By Brenna Robinson, Outreach & Engagement Specialist for UVA Cancer Center
While many parents have prepared for the upcoming school year by discussing the COVID-19 vaccine with their child’s pediatrician, some children are behind on other immunizations due to the pandemic. If your child is behind, now is a great time to catch up. You can also look into some often overlooked vaccinations at this school vaccination appointment.
Yvonne Edwards, a school nurse in Scott County, said childhood vaccinations protect you and your family. “Childhood immunization has been so effective in preventing death and disease that many parents today have not encountered – diseases that were once common years ago. Therefore, healthy children miss less in-class instructional time, making for healthy students,“ she said.
Effective July 1, 2021, the HPV vaccination series is required by the Virginia Department of Health (VDH) for all Virginia students entering seventh grade. The human papillomavirus (HPV) is a common virus that can lead to six types of cancer, and nearly all men and women will get an HPV infection at some time in their life, according to the Centers for Disease Control and Prevention (CDC). Many HPV strains resolve on their own, but they can cause cancers of the mouth, throat, genitals and cervix when they do not. The HPV vaccine is recommended starting at age 9 to protect children before they are exposed to the infection.
Dianne Morris, the Mountain Laurel Support and Resource Center Coordinator for Mountain Empire Older Citizens, Inc., is working with Lee, Scott and Wise counties along with the City of Norton to ensure HPV vaccinations are provided to prevent cancer. Morris’s work has provided rising seventh graders with updated HPV vaccination information as part of the schools’ vaccination packets. She has also contacted local doctors and dentists to let them know the resource center has HPV education and resources available for use.
“It [the HPV vaccine] is a cancer preventative vaccination which protects against throat and neck cancer, anal, penis, cervical and vulvar cancers. That is why it is so important to get vaccinated at an early age. COVID-19 has impacted all vaccinations, and with school starting back in person this fall, it is imperative that parents in southwest Virginia have their children vaccinated for HPV,” Morris said.
Emma McKim Mitchell, Director of Global Initiatives at the University of Virginia School of Nursing, said there is lots of evidence to support the use of the HPV vaccine. “There has been a lot of good research about how safe it is and how effective it is, and it really doesn’t have any additional risks compared with other vaccines we routinely give. The vaccine currently available here in the U.S. and in some other countries as well, protects against nine different strains of the virus, which means even more protection for those vaccinated,“she said.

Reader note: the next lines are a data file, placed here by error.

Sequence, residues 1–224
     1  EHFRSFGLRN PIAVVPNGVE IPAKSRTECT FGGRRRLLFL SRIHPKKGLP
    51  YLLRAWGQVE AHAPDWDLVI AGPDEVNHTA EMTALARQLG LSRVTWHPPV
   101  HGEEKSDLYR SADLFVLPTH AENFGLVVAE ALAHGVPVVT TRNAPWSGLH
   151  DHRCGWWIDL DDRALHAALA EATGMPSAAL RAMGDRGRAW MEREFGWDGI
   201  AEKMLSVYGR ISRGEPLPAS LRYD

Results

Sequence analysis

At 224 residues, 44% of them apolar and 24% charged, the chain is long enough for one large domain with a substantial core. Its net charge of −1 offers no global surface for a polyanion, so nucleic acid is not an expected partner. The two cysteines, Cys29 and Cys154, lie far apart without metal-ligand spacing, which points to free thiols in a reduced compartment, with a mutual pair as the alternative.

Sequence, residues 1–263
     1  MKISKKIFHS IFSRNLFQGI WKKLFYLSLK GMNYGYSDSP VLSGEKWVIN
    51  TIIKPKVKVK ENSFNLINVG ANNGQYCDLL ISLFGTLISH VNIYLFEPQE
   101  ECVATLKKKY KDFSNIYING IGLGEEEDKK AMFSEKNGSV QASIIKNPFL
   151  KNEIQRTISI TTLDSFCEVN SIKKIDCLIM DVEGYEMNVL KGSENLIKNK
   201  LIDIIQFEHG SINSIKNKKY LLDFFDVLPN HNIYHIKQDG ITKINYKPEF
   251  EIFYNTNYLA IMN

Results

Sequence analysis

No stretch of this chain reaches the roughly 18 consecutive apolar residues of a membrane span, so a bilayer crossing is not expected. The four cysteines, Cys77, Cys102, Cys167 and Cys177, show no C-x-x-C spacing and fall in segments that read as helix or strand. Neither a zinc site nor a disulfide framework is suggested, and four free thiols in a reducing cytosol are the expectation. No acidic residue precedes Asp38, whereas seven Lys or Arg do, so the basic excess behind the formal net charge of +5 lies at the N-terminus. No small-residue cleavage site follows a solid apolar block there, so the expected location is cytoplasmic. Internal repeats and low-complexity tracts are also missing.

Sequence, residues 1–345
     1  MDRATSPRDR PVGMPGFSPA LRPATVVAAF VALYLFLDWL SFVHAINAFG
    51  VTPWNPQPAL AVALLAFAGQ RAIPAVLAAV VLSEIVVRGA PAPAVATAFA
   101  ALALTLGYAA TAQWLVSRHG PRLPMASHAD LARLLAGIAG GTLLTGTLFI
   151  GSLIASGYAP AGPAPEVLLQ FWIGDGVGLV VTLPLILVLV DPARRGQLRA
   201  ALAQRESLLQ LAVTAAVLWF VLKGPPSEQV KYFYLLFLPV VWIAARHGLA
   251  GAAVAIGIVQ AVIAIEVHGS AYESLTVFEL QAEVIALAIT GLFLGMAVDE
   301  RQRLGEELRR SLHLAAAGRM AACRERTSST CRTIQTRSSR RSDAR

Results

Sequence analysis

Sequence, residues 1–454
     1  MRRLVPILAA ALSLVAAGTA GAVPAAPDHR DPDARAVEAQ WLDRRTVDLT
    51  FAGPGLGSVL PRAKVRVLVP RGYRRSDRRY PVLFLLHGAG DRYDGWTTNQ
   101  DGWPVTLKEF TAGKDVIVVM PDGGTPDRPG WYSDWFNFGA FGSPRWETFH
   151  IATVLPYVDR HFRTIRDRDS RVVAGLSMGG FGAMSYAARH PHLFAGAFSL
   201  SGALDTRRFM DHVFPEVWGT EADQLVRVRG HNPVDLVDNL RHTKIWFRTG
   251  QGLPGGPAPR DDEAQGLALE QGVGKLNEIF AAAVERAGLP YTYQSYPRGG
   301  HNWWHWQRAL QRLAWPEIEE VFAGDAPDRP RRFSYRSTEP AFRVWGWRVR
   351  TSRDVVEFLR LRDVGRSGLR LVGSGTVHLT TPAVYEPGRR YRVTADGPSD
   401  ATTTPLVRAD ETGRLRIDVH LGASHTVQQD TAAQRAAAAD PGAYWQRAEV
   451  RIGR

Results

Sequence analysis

In addition to the HPV vaccine, VDH also updated their requirements for students to have the Hepatitis A (HAV) vaccine and Meningococcal Conjugate (MenACWY) vaccine. Effective July 1, a minimum of two doses of the HAV and MenACWY vaccine are required for children to attend school. The Tdap booster dose is also necessary for all children entering seventh grade in Virginia.
With the additional updates, cancer prevention, and COVID-19 precautions, taking the time to discuss vaccines with your child’s pediatrician is an essential part of preparing for school this year. As Edwards said: ”Don’t wait, vaccinate!”
This article is from the Office of Community Outreach and Engagement for the University of Virginia Cancer Center. Dianne Morris, co-chair and Yvonne Edwards, member lead outreach with The Cancer Center Without Walls Southwest Virginia Community Advisory Board in addressing cancer disparities and access to care in Appalachia. For more information, visit the Cancer Center Without Walls’ website: https://med.virginia.edu/ccww/community-advisory-boards-2/community-advisory-boards/.